As indicated above, board products can be made from fibers developed solely from wheat straw or, alternatively, can be made from any desired straw fiber and other fiber combination. It is believed that board products made from straw fiber developed according to the present invention is more resistant to fire than board products made from wood fiber. Generally speaking, board products with a higher straw fiber to wood fiber ratio will have a greater resistance to fire.
As noted above, it is believed that the process of manufacturing boards from straw can be accomplished using other types of straw besides wheat straw including, for example, grain and cereal straws. Moreover, although the process of preparing and using straw as furnish for board products has been described herein for the production of softboard products, it is contemplated that straw fibers developed according to the process disclosed herein can also be used in the production of medium-density fiberboard and hardboard products, except that the straw may need to be softened and/or refined to a greater extent.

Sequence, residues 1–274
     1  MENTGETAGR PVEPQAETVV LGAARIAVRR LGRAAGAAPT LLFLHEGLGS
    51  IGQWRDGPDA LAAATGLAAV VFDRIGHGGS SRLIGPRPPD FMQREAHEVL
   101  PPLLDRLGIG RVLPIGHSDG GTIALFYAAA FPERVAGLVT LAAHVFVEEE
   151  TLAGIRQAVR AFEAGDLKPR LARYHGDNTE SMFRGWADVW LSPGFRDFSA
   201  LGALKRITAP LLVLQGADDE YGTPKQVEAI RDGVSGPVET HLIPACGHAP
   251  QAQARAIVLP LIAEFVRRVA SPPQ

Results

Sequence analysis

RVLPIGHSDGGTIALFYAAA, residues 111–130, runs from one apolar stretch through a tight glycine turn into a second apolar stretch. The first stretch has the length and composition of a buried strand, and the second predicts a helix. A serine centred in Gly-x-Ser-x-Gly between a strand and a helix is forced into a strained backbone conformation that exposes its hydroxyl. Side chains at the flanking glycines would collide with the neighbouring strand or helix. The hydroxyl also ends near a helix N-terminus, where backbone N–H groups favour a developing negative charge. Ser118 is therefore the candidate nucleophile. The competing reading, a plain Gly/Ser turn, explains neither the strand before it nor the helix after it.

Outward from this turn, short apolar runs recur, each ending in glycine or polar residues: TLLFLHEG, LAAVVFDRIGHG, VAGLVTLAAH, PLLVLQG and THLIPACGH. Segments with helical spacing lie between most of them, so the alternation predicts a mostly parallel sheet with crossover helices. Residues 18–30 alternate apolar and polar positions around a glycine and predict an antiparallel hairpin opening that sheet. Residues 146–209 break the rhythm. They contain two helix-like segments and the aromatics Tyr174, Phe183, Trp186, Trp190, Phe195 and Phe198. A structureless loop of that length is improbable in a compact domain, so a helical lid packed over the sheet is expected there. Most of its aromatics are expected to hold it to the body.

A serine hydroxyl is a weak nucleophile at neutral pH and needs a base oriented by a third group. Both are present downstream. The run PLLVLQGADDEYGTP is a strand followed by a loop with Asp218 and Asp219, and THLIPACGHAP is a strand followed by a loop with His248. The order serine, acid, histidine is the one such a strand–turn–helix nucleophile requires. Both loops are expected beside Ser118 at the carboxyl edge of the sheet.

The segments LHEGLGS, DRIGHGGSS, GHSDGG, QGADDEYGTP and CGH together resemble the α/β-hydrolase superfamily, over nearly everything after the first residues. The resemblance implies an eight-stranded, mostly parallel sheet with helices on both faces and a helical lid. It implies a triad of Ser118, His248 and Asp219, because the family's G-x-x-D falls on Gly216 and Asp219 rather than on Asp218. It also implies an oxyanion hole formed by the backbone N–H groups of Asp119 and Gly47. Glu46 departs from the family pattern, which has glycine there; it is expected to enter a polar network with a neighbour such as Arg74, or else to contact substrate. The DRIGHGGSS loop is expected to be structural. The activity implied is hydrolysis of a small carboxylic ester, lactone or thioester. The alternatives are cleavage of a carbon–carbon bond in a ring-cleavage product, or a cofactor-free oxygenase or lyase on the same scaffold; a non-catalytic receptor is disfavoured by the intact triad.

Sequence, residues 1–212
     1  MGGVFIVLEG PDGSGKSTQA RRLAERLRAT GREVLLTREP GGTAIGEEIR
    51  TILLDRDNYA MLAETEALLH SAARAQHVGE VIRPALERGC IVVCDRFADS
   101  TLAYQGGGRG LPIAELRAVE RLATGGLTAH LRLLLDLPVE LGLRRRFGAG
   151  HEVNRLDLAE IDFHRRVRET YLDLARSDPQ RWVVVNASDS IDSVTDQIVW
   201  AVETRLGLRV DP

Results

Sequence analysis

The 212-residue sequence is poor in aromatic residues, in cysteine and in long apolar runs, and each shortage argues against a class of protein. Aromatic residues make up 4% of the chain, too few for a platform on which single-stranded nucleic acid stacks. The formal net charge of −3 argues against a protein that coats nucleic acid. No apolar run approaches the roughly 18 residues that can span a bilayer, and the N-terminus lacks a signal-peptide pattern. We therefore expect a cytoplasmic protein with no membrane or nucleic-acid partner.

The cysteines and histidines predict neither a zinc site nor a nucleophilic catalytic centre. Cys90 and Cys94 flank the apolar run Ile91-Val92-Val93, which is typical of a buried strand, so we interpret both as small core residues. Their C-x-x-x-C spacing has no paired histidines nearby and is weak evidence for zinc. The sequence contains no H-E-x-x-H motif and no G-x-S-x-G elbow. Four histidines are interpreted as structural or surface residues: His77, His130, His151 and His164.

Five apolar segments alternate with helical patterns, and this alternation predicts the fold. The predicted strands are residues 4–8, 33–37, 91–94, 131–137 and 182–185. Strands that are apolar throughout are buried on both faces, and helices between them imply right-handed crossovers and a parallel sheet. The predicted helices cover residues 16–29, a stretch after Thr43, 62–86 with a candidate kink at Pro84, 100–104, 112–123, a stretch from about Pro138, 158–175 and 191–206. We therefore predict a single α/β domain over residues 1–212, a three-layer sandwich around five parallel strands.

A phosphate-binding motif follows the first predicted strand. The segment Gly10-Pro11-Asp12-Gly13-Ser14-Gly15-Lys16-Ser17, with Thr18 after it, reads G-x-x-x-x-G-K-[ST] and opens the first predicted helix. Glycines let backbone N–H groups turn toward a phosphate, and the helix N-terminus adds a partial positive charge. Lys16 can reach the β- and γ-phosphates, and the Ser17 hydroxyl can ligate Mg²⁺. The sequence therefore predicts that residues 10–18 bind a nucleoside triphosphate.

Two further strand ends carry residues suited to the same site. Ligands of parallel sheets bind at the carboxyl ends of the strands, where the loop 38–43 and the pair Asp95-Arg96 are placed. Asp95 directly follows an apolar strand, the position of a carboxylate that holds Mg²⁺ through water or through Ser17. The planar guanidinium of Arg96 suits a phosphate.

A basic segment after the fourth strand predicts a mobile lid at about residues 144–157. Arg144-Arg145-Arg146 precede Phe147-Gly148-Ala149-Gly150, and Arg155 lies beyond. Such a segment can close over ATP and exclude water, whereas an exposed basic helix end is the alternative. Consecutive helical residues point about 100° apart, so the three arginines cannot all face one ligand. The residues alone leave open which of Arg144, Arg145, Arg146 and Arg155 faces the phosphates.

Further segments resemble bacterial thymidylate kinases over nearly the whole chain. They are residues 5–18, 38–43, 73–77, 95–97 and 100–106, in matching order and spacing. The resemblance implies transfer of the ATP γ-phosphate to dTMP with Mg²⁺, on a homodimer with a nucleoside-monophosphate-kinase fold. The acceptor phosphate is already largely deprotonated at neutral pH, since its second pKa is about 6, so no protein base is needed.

The foregoing description is given for clearness of understanding only, and no unnecessary limitations should be understood therefrom, as modifications within the scope of the invention will be apparent to those skilled in the art.
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|U.S. Classification||162/13, 162/182, 162/97, 162/23|
|International Classification||B27N3/00, B27N3/08, B27N3/04, D21B1/12, D21H11/12, D01C1/00, B27N1/00, D21B1/00|
|Cooperative Classification||B27N1/00, D21B1/00, D01C1/00, D21B1/12, D21H11/12, B27N3/04|
|European Classification||D21B1/12, B27N1/00, D21B1/00, D21H11/12, B27N3/04, D01C1/00|
|Sep 5, 1995||AS||Assignment|
Owner name: MASONITE CORPORATION, A CORP. OF DELAWARE, ILLINOI